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Thomas Hodgson @twsh

Is it typical for students to ignore a recommended reading list, but then read a lot of other things and discuss then in their essays? I don't particularly mind if they're good (the readings and the sources). But why don't they want to read the things that I thought would be helpful?

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@twsh Maybe it's strategic? They go for something the prof didn't recommend, just because of a fear that they'll choose source material the prof is intimately familiar with by accident, and lose marks for a minor error that wouldn't have been caught except that it's the prof's favourite?

@bgcarlisle I hadn't thought of that. Could be.

@twsh because they have grown in an age when access to information was free and easy. They are conditioned to not depend on other people for knowledge. They assume anything and everything can be learned by typing the appropriate keywords into google and clicking search. While that is true if they are given enough time, what they are missing is the fact that an expert in the field may refine sources better than google. However, soon, even this fact may be invalid.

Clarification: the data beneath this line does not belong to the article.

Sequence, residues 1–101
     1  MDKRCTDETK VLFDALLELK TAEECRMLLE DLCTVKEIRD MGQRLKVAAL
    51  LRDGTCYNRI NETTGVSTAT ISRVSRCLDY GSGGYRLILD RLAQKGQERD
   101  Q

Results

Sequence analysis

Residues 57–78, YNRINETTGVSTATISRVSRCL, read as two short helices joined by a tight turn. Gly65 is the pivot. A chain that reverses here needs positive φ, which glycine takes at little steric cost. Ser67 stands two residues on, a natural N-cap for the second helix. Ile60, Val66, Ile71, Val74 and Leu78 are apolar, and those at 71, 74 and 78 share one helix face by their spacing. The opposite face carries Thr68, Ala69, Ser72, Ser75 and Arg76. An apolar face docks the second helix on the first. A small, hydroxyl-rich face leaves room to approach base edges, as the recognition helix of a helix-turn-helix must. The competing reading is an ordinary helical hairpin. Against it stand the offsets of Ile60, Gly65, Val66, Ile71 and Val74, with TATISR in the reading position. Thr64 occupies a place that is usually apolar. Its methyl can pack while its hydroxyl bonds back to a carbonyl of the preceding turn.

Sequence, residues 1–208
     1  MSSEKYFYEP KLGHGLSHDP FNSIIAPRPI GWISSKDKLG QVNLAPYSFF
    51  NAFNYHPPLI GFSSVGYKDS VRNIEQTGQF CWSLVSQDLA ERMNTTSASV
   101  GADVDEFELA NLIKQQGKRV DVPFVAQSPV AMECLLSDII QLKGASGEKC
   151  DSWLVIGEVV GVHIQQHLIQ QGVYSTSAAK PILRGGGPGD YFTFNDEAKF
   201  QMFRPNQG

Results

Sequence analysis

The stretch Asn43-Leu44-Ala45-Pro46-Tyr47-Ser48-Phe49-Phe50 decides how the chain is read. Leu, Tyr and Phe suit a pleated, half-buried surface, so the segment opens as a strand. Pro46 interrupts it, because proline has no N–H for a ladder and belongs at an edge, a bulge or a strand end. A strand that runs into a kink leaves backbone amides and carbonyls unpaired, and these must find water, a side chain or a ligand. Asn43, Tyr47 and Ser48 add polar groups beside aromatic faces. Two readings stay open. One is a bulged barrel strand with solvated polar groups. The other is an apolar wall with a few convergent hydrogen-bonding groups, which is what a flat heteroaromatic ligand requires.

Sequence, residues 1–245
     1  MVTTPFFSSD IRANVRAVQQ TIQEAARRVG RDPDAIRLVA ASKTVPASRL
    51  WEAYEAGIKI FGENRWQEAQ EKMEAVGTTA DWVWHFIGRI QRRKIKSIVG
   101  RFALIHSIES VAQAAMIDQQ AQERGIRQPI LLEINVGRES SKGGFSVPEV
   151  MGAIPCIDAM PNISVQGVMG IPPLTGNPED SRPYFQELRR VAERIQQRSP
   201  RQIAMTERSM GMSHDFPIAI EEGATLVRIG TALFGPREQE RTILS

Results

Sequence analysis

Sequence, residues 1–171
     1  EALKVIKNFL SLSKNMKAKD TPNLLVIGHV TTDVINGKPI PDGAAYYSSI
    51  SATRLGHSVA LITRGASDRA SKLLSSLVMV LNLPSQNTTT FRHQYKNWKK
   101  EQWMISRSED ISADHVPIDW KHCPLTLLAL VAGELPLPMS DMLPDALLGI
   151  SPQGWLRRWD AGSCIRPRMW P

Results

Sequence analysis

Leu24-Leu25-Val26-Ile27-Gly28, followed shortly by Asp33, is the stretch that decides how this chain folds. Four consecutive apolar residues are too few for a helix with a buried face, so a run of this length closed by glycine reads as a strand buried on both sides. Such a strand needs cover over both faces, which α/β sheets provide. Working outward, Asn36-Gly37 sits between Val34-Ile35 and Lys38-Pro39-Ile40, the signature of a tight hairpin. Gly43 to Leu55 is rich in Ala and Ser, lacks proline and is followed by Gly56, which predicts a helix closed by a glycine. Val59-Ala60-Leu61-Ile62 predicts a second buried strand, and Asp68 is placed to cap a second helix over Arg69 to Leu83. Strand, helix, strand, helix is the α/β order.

@burkaygenc It has definitely happened that I have been teaching X, and a lot of people use as a source the first hit for 'X'.

@twsh I call it "You Can't Tell Me What To Do" Syndrome.

I unfortunately suffer from it myself more times than I'd like to admit.

@twsh It is typical for students to discuss a lot of things they read for other classes to minimize their reading. They may also forget that there was a recommended reading list unless you remind them multiple times, especially at the same time you give them paper topics.